Andy Murray’s agony: ‘It’s so sore I even hate walking the dogs’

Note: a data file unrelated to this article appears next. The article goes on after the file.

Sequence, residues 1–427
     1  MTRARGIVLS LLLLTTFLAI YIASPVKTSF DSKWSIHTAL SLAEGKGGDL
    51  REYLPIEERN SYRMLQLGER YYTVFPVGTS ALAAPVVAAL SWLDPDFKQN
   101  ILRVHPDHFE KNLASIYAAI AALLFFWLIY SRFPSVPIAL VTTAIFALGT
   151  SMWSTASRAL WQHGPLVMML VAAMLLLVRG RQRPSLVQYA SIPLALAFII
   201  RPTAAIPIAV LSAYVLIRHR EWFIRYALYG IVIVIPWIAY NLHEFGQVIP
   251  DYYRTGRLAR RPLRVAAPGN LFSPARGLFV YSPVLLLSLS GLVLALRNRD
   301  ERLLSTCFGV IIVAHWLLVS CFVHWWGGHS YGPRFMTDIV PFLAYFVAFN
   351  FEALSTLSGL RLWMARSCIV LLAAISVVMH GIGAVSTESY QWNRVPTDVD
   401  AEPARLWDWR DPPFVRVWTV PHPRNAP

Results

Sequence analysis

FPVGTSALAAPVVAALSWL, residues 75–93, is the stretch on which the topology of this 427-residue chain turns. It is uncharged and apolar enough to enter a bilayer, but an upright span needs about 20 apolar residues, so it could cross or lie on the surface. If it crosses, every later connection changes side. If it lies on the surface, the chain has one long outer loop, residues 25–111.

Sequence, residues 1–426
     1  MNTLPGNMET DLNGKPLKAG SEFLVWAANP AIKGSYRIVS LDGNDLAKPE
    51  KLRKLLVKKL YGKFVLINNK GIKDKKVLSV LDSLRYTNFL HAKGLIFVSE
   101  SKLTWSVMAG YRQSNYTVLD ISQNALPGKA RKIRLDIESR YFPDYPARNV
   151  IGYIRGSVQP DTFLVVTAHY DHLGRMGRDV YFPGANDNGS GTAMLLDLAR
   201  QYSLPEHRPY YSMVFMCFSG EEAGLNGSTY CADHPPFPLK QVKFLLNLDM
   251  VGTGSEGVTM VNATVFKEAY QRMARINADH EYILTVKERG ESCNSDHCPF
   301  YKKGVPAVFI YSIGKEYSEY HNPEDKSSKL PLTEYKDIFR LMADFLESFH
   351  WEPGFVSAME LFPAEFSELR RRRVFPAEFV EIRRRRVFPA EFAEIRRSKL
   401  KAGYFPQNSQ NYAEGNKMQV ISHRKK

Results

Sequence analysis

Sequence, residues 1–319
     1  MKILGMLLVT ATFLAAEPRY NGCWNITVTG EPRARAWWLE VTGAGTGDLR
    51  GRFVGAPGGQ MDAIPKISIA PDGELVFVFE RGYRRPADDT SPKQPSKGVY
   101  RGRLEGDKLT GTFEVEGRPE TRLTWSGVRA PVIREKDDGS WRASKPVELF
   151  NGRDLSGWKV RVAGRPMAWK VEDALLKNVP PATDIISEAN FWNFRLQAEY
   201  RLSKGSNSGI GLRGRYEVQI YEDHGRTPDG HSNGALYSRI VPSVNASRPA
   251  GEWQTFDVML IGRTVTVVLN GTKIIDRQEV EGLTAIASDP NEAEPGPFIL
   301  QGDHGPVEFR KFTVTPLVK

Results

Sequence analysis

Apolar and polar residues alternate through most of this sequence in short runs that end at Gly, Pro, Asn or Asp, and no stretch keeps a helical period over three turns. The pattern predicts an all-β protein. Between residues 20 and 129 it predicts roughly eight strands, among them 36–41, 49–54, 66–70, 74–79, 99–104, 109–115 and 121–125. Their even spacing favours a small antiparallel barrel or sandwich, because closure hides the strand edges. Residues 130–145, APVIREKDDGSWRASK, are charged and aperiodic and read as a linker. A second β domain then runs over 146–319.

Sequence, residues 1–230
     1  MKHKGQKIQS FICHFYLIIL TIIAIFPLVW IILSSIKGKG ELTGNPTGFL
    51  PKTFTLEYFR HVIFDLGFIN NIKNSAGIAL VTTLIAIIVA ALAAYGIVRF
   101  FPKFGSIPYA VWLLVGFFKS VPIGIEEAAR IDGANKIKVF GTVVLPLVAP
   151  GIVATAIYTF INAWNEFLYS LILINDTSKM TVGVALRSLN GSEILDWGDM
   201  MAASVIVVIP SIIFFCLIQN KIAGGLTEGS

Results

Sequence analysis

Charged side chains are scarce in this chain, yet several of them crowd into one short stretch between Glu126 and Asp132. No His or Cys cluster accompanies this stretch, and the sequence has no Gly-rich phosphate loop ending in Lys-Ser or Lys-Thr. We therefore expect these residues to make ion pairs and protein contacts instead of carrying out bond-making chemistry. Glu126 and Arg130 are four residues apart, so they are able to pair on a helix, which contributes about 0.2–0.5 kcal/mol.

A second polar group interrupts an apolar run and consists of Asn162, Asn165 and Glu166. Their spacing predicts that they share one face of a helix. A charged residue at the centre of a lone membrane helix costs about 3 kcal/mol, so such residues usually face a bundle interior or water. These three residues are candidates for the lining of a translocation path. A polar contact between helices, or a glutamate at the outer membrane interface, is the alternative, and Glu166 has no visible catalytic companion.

first_imgPhilippine Army to acquire MANPADS, self-propelled howitzers Ginebra beats Meralco again to capture PBA Governors’ Cup title LATEST STORIES Britain’s Andy Murray reacts during a press conference following his first round loss to Spain’s Roberto Bautista Agut at the Australian Open tennis championships in Melbourne, Australia, Tuesday, Jan. 15, 2019. (AP Photo/Kin Cheung)Andy Murray has opened up about the personal agony of his battered right hip after losing an epic Australian Open five-setter, saying he can’t even enjoy simple pleasures like walking his dogs.The Scot fought to the bitter end in what could prove his final match before losing a four-hour thriller to 22nd seed Roberto Bautista Agut on Monday night.ADVERTISEMENT Japeth Aguilar wins 1st PBA Finals MVP award for Ginebra  I trained ‘too hard’ “I just don’t really know yet. But, you know, if today was my last match, look, it was a brilliant way to finish, as well. That’s something that I’ll probably take into consideration.“It was an amazing atmosphere. I literally gave everything that I had on the court, fought as best as I could, and performed a lot better than what I should have done without the amount I’ve been able to practice and train.“I’d be okay with that being my last match.”Murray added with a touch of poignancy that he would harbor some regrets if he was forced away from the game he loves.“I practiced hard. I trained hard, probably too hard at certain stages in my career,” he said.“That was something that I would change and do differently if I could go back,” added Murray, despite achievements such as becoming the first British man to win Wimbledon in 77 years and the first player to win two Olympic singles golds.“Like some people have said the last few days, I got everything out of my game and stuff. But I feel like I should have done better, you know, I could have done things differently.“There’s matches here, for example, that I would love to play again, have another opportunity to do that,” Murray said, referring to his record of reaching the Melbourne final five times but never lifting the trophy.“But I have tried my best.” No guaranteed Round of 16 slot even if Azkals beat Kyrgyzstan Carpio hits red carpet treatment for China Coast Guard PLAY LIST 02:14Carpio hits red carpet treatment for China Coast Guard02:56NCRPO pledges to donate P3.5 million to victims of Taal eruption00:56Heavy rain brings some relief in Australia02:37Calm moments allow Taal folks some respite03:23Negosyo sa Tagaytay City, bagsak sa pag-aalboroto ng Bulkang Taal01:13Christian Standhardinger wins PBA Best Player award “It will improve my quality of life, I’ll be in less pain doing just, you know, normal things like walking around and putting your shoes and socks on and things.”The former world number one tried to describe his pain, which has become almost unbearable.“Just now, like, going to walk my dogs, playing football with my friends, is like the worst thing I can think of doing,” he revealed.“I hate it because it’s so sore and it’s uncomfortable.”Murray said he would talk to his team, his surgeon John O’Donnell and other players who have had similar operations, such as American doubles great Bob Bryan, before making up his mind.ADVERTISEMENT MOST READ Sports Related Videospowered by AdSparcRead Nextcenter_img In fight vs corruption, Duterte now points to Ayala, MVP companies as ‘big fish’ Don’t miss out on the latest news and information. In fight vs corruption, Duterte now points to Ayala, MVP companies as ‘big fish’ Nadine Lustre’s phone stolen in Brazil View comments Gretchen Barretto’s daughter Dominique graduates magna cum laude from California college He now faces a heart-wrenching dilemma — having to decide over the next week whether to battle on through the pain for an emotional farewell at Wimbledon or undergo major surgery knowing it may mean he can never play tennis again.“I mean, I’ll probably decide in the next week or so. But that’s what I was saying the other day, that this might be my last match,” the 31-year-old three-time Grand Slam champion told a news conference in the early hours of Tuesday morning.FEATURED STORIESSPORTSGinebra beats Meralco again to capture PBA Governors’ Cup titleSPORTSJapeth Aguilar wins 1st PBA Finals MVP award for GinebraSPORTSGolden State Warriors sign Lee to multiyear contract, bring back Chriss“If I go ahead with the operation and I don’t recover well from it, then I don’t play again,” added the Scot who has won two Wimbledons, a US Open, the Davis Cup and two Olympic golds in his storied career.“I’m aware of that. That is the decision that I have to make. Ginebra beats Meralco again to capture PBA Governors’ Cup title Tom Brady most dominant player in AFC championship historylast_img

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